Is there any saving Daily Deals?


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Way back in 2009 (ancient history in the digital world), Daily Deals providers such as Groupon and LivingSocial sprouted up on the digital landscape like weeds on an untended lawn. In the beginning, they were all the rage. Consumers welcomed them. Social pundits loved them. And local restaurants and retailers saw them as a great way to affordably bring in new customers. Some pundits even proclaimed Groupon to be “the next eBay.”


Here some three-plus years later, things aren’t looking so sanguine for them. So much so, that Groupon sacked its Founder and CEO due to its listless financials. (His legendary farewell letter to staff is worth reading, and can be found here.) And another pioneer of the Daily Deal, LivingSocial (the #2 player in the industry), is rumored to soon be sucked up by a larger company or get the plug pulled on it altogether as early as next year.

So how did the major Daily Dealers go from being the fair-haired child to the ugly stepsister in just a few years? A few factors conspired to hamper these firms:

  1. The market became highly fragmented. Every locality in the country seemed to have sprouted its own Daily Deal services, and a lot of these focused on narrow niches. Plus a lot of offline providers jumped in as well (television stations and newspapers, as an example). The national players haven’t done enough to differentiate themselves from the local competition.
  2. A lot of meat-and-potatoes businesses became disenchanted with participating. Groupon, et al, took a massive cut of the Daily Deals purchases. So often participants had to settle for a few crumbs from the paid voucher amount, sometimes not even covering their costs. While some participants had fantastic experiences with Daily Deals, many others didn’t. After a while, you could see which businesses would benefit, and which wouldn’t. But sadly, Groupon, LivingSocial and company treated business owners like pigeons, and took all takers instead of focusing on businesses their services could really help.
  3. The Daily Deal offerings are all over the map. Here’s an example: my kids are teenagers. So why did I received offerings more applicable to young families (such as a diaper service)? A few of those, and you can’t blame consumers for questioning the services’ relevance.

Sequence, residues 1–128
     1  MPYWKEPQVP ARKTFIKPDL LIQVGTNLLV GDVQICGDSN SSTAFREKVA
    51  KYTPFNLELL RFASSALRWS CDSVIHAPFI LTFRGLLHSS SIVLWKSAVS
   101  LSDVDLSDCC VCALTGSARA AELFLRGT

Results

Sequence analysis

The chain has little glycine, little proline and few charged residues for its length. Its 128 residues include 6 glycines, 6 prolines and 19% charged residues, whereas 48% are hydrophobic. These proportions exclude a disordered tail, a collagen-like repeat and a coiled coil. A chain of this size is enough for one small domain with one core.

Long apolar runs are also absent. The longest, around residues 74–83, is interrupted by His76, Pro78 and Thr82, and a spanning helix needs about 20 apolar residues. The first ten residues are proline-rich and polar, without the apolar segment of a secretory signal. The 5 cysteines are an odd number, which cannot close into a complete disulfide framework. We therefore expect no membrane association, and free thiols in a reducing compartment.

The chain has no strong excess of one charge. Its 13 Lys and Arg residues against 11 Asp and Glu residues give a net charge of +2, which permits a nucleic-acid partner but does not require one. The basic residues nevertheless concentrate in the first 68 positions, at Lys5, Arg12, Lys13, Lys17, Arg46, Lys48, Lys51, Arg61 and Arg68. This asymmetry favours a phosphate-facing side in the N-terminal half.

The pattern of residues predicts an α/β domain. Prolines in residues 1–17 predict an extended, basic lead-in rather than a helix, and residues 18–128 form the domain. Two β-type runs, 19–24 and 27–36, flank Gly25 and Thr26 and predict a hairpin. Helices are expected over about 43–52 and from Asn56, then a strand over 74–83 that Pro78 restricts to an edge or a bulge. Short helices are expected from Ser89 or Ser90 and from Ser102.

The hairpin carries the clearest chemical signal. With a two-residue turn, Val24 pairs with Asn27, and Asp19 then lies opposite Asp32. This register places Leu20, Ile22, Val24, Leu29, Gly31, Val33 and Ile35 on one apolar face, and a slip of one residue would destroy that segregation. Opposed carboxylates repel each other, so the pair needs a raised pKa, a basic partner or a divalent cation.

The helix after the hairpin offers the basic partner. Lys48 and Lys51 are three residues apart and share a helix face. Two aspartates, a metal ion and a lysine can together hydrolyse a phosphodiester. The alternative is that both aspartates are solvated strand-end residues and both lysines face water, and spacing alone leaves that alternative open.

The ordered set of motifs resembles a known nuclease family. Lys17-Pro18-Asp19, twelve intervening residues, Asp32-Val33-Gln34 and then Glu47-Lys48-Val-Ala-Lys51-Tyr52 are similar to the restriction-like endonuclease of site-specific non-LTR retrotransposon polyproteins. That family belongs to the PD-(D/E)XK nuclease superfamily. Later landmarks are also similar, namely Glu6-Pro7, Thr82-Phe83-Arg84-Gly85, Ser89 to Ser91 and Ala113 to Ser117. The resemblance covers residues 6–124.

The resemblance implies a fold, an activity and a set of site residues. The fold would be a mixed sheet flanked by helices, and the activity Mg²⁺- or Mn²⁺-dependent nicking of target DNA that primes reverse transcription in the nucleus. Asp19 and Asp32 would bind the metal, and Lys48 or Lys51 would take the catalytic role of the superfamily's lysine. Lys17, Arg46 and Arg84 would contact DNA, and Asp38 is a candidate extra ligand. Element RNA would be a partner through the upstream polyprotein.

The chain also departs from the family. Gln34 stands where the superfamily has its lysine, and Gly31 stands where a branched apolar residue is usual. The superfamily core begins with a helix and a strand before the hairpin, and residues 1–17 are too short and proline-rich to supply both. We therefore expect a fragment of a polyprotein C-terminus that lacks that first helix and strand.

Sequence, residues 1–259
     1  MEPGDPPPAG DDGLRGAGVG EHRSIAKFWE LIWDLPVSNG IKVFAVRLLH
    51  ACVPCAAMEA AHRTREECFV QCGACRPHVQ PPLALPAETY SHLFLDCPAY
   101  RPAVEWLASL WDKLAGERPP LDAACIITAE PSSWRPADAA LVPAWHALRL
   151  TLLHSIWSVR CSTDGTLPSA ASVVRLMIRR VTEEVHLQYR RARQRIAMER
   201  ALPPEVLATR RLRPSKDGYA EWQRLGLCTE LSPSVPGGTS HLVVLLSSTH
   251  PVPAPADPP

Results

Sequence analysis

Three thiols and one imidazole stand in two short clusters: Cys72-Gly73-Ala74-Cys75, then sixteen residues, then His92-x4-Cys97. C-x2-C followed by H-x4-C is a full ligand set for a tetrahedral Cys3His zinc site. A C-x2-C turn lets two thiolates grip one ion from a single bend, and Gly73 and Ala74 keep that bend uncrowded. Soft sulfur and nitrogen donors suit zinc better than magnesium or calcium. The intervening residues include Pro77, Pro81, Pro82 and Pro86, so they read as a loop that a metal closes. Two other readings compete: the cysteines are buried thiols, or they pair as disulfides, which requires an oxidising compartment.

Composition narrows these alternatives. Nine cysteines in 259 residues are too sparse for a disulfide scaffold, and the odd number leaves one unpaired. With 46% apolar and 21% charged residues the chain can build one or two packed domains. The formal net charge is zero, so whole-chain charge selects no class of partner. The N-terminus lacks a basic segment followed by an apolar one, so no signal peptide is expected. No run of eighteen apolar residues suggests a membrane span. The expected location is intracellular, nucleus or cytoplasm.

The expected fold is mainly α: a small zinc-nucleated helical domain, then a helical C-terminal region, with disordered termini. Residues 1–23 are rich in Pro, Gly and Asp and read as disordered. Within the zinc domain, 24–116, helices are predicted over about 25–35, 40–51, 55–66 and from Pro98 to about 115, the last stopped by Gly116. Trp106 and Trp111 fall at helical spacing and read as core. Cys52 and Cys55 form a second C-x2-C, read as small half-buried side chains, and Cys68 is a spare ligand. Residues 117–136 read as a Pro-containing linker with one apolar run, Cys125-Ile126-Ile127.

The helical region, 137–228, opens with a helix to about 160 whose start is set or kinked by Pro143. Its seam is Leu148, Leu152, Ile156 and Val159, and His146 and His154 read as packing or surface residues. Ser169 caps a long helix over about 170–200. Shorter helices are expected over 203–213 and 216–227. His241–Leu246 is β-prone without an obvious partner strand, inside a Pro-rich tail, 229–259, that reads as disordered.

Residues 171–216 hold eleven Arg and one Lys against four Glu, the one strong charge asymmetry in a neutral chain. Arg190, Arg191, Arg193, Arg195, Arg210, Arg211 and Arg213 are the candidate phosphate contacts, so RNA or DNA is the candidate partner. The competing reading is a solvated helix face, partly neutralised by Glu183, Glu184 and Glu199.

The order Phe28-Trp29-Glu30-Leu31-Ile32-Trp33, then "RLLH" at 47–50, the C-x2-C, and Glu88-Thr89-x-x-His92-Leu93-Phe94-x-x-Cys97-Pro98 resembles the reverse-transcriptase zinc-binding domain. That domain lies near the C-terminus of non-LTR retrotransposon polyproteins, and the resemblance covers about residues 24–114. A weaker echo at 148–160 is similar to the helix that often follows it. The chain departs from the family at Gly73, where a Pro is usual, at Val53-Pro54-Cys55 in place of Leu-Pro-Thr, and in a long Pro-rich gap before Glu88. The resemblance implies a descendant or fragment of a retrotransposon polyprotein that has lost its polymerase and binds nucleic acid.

4. The market turned out to not be as large as was originally projected. Annual growth has been around 3%, which in the digital realm is beyond stagnant.

So is there any saving the major Daily Deals players? Heck yeah. But there are a few adjustments they’ll need to make:

  • Provide more relevant offers, and get involved in after-the-sale follow-up. Get to know customers’ interests better. Look at purchase patterns. Look at price points. If need be, send out surveys and questionnaires in return for “Groupon Bucks.” Learn from every purchase, and follow up with purchasers to have them evaluate their purchases.
  • Focus especially on the highest value users. Twenty percent of the Daily Deal audience accounts for 80% of the sales. So do whatever it takes to cater to this group and build loyalty and evangelism among them. Create a rewards program that provides points for every purchase that can be redeemed for vouchers. Provide amazing exclusive deals that can only be “unlocked” by users once they reach a certain level. Create events specifically for this group of buyers.
  • Mend fences with the local business communities. The feedback from the original model is pretty clear. Do more to partner with local businesses to make sure they succeed, give them tools to get the most out of their offerings, and don’t take a powder on them once their check are cashed.

Simply stated, the main problem with Groupon and LivingSocial is that they are more focused on being profitable than being relevant. For them to survive, that has to change.

Posted by Mickey

Republished with author's permission from original post.

Mickey Lonchar
Mickey Lonchar has spent the better part of two decades creating award-winning advertising with agencies up and down the West Coast, Mickey currently holds the position of creative director with Quisenberry Marketing & Design, a full-service advertising and interactive shop with offices in Spokane and Seattle, Wash.


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